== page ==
Month: August 2013

Two Years in Time, a Future in Foreign Languages and Web Design: The Internet Initiative Scholarship

After college, I plan to continue helping people learn languages with a company called Verbling and design or program websites as a freelancer.

My fascination with foreign languages fabricated itself after my second year learning Spanish in high school. The idea of creating friendships with people from around the world through a foreign language simply amazed me. Even as I approach my seventh year studying Spanish, meeting a new person fills me with a profusion of positive energy. Consequently, my passion for foreign languages opened the doors to friendships across the globe and a job working with the friendliest international community online.

I began working as an online tutor for Verbling in February 2012 after sending a cold email to the company and Skyping with Jake, one of the co-founders. A few months after I started, they asked me to hire six people and lead the team of 7. I felt extremely grateful for the opportunity to tutor people online because the company was paying me to do something I was passionate about- practice and help people learn languages.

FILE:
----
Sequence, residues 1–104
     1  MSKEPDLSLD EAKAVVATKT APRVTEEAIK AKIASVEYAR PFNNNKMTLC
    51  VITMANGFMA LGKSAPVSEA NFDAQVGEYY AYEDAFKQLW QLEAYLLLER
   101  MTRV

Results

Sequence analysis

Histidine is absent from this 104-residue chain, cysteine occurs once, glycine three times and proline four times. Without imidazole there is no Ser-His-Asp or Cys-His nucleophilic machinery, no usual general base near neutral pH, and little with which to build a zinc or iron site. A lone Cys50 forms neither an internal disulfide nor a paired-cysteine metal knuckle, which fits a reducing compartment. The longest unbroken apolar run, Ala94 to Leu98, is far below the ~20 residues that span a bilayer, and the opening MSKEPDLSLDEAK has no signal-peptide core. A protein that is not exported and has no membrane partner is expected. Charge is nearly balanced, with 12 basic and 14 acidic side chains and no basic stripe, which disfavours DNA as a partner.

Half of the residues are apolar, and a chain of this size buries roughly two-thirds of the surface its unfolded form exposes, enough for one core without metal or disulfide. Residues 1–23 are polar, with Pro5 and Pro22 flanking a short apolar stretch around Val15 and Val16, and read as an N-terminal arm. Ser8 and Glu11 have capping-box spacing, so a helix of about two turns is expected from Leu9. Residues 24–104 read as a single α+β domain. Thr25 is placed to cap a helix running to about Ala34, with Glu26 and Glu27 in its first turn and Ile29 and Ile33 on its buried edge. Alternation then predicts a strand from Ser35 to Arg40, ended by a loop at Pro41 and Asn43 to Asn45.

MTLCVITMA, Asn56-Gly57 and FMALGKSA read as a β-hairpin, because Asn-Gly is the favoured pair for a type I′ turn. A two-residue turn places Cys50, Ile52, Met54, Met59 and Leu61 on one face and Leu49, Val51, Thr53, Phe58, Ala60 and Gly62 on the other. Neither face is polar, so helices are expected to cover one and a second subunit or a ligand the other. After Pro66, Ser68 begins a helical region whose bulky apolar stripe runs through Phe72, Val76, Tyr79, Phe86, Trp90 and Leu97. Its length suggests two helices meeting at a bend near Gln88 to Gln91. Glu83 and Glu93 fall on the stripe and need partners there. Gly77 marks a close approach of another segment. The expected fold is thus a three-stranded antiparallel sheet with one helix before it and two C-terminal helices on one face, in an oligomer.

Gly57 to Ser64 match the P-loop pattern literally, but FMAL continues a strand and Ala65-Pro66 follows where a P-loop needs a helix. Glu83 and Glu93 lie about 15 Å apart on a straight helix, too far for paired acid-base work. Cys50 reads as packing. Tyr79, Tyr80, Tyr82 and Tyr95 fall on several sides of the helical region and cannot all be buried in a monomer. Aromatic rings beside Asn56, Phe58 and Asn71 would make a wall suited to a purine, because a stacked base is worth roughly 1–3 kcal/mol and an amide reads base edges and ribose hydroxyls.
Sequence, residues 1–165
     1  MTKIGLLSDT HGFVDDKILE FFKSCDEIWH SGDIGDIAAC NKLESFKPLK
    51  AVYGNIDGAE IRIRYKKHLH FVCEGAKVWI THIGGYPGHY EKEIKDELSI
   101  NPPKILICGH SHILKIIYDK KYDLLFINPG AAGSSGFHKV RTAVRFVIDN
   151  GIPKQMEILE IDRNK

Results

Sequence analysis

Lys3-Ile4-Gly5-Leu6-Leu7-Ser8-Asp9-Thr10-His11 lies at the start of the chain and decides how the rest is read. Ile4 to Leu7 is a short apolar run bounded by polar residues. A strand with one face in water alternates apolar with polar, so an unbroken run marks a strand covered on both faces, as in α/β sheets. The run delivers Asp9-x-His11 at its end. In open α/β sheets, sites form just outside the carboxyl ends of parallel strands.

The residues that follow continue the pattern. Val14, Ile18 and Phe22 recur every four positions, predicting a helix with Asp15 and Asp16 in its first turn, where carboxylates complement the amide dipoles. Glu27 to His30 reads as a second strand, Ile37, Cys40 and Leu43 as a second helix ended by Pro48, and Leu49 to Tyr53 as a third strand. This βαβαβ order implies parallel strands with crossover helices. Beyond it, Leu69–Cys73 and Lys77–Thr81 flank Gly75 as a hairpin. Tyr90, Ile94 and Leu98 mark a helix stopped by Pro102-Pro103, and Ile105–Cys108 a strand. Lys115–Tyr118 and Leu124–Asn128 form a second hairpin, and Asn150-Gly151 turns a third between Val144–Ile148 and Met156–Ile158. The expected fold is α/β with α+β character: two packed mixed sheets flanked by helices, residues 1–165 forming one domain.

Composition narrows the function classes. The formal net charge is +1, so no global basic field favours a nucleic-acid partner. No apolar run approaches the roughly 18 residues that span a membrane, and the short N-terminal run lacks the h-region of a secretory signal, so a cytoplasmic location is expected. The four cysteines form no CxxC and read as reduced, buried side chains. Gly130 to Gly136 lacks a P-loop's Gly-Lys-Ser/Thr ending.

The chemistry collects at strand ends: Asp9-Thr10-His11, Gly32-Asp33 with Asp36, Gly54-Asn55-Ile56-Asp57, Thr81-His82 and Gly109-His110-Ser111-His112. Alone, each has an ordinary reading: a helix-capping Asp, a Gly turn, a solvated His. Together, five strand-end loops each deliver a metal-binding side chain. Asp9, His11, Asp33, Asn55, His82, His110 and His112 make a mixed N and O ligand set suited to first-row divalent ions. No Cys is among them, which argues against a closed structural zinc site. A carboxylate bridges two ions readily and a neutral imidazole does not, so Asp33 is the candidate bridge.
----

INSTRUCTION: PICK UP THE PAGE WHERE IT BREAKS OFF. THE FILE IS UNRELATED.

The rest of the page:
9 months later, Verbing started offering live online language classes and I moved up to  teach English. Since then, I have taught over 160 classes ranging in topics from how to cook pancakes to “show’n’tell.” Currently, I teach one to two classes per week, mostly focused on improving pronunciation.

This summer, I also participated in an unpaid month-long internship at Verbing headquarters in downtown San Francisco. I learned about social media management, programming, writing editorials, and customer support. However, above all, my internship taught me how the gears turn behind an internet-based startup company. After I graduate, I intend to remain a member of the Verbling team and support them in creating the best environment for learning a language online.